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hydration backpacks

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WS Member ユーザー WS Member の写真
hydration backpacks

I am looking for the BEST FITTING hydration backpack for a small woman. Any suggestions??
What is your experience with backpack/camelbak hydration? Is it worth the bother? I tend to go all day without taking a drink. I have to STOP and MAKE myself sip..Otherwise, I just never feel thirsty.

WS Member ユーザー WS Member の写真
Hello,Coming from a MTB

Hello,
Coming from a MTB perspective with some road experience…
Things to think about …
- are you carrying other water sources… bottles on frame, for example. If you like water 'enhancers'/mixes you can put those in a bottle and keep clean water in the pack… easier for cleaning purposes.
- weight and heat on your back… bladders come in varied sizes (liters or oz).
- ability to clean mouthpiece, tubing, and bladder (not using water 'enhancers' helps keep them cleaner, longer)
- carry on back… as in backpack… or on waist… fannypack style.

I've used both waist and back carriers, carried 70oz and 100oz bladders. I have rarely used up the water in a 100oz… only on an extremely hot and long day mtb-packing around Mt Hood, Oregon.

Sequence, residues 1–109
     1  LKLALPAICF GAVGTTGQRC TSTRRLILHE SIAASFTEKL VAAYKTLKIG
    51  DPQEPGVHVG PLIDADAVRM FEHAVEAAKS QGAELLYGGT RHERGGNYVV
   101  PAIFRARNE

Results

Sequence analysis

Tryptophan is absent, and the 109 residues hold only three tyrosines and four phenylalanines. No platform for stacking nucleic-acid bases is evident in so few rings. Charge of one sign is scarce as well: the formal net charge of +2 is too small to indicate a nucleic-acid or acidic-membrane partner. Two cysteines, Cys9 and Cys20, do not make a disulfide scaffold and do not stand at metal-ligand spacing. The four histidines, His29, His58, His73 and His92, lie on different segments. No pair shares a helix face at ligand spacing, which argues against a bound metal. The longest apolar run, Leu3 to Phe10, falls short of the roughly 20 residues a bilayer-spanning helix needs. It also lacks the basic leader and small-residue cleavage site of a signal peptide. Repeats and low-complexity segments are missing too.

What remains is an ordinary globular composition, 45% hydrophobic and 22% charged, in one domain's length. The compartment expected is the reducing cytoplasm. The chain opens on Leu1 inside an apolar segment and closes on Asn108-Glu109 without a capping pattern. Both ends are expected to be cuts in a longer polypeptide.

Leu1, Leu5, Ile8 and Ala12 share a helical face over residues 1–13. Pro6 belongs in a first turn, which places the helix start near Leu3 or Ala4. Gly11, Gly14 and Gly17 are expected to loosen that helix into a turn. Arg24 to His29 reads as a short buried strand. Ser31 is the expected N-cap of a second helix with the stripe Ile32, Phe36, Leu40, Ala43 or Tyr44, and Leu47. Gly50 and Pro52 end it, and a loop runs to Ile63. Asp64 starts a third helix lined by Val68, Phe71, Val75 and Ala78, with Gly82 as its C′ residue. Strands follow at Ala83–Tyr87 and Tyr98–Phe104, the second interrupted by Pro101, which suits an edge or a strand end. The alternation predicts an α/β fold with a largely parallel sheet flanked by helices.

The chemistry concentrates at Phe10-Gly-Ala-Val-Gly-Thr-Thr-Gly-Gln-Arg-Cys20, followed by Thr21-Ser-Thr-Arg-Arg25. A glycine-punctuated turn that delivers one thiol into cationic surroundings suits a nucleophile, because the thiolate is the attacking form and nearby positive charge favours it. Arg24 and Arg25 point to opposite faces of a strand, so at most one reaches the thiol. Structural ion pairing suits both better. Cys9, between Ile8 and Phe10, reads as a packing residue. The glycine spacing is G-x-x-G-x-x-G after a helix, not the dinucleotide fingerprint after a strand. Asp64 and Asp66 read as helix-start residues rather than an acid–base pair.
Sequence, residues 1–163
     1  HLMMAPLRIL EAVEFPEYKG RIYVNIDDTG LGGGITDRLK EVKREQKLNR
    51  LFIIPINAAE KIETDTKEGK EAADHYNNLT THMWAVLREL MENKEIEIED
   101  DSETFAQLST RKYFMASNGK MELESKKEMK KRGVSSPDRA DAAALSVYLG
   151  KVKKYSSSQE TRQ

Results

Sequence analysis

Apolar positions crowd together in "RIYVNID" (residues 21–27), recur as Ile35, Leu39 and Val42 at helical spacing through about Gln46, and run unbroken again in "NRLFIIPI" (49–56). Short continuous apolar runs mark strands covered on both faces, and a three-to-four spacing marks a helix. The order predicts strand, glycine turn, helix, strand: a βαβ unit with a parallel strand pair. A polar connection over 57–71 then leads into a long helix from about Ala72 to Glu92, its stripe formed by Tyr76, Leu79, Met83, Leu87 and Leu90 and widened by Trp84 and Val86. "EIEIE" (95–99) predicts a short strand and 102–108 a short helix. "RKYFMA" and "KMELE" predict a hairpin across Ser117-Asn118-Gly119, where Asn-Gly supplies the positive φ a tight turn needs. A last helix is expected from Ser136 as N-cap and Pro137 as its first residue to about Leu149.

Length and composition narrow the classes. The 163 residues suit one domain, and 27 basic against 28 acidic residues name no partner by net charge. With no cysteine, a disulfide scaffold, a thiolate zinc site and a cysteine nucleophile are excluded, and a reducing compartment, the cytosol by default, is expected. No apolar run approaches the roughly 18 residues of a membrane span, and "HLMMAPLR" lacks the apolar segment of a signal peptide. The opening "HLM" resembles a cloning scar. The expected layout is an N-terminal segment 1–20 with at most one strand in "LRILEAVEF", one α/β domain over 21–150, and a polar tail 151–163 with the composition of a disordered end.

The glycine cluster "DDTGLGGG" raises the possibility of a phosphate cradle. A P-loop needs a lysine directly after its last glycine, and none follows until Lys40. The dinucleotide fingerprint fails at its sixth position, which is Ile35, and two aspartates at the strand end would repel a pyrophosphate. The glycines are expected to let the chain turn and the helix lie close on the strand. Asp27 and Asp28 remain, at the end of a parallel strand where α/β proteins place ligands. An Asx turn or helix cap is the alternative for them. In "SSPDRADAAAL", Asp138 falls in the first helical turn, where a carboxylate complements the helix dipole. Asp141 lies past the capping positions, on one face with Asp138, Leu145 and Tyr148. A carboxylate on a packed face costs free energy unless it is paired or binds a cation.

I either partially fill the large bladders or use a smaller bladder in a small backpack.

There are elastic loop, velcro, plastic retainers, magnetic retainers and at least one reel-type hose retainer, used to keep your mouthpiece and tube close at hand. I prefer the magnetic. Once I trained myself where the metal baseplate was on my sternum strap, I was able to replace the tube without looking.

Mouthpieces are generally the 'bite' type… a slit in the silicone tip that you squeeze with your lips or teeth and suck the water out. They come apart for cleaning (highly recommended to do before they get nasty), you can carry a spare easily although they last a good while. Some offer an "on/off" feature whether it's an actual valve you turn or just rotate the head itself. If you forget and leave the valve open… lay your pack down… you might see a water pool when you go to pick it back up.

There are women-specific backpacks made now with shoulder straps contoured more for the female physique.
Best advice is to try them on, walk around the store, reach up, down, whatever, to see how they feel and if they rub wrong or interfere with arm movement.

I find the smaller ones handy if they have compartments/pockets that I can throw some I.D. in, a money pouch, sunglasses and maybe an mp3 player with earbuds. They effectively become your purse/shoulder bag which is handy… in certain countries I understand you need to be concerned about pickpockets though.

If you have to force yourself to drink water… it doesn't matter how you carry it… you're not likely to start drinking if you haven't changed your mindfulness towards hydration… I would start there first.
Once you've trained yourself to stay properly hydrated… you'll have a MUCH better idea about requirements for both volume and how to carry it.
I also teach wilderness survival and staying hydrated is a very important issue outdoors no matter what activity you pursue.
Best wishes on finding the right method for you! :)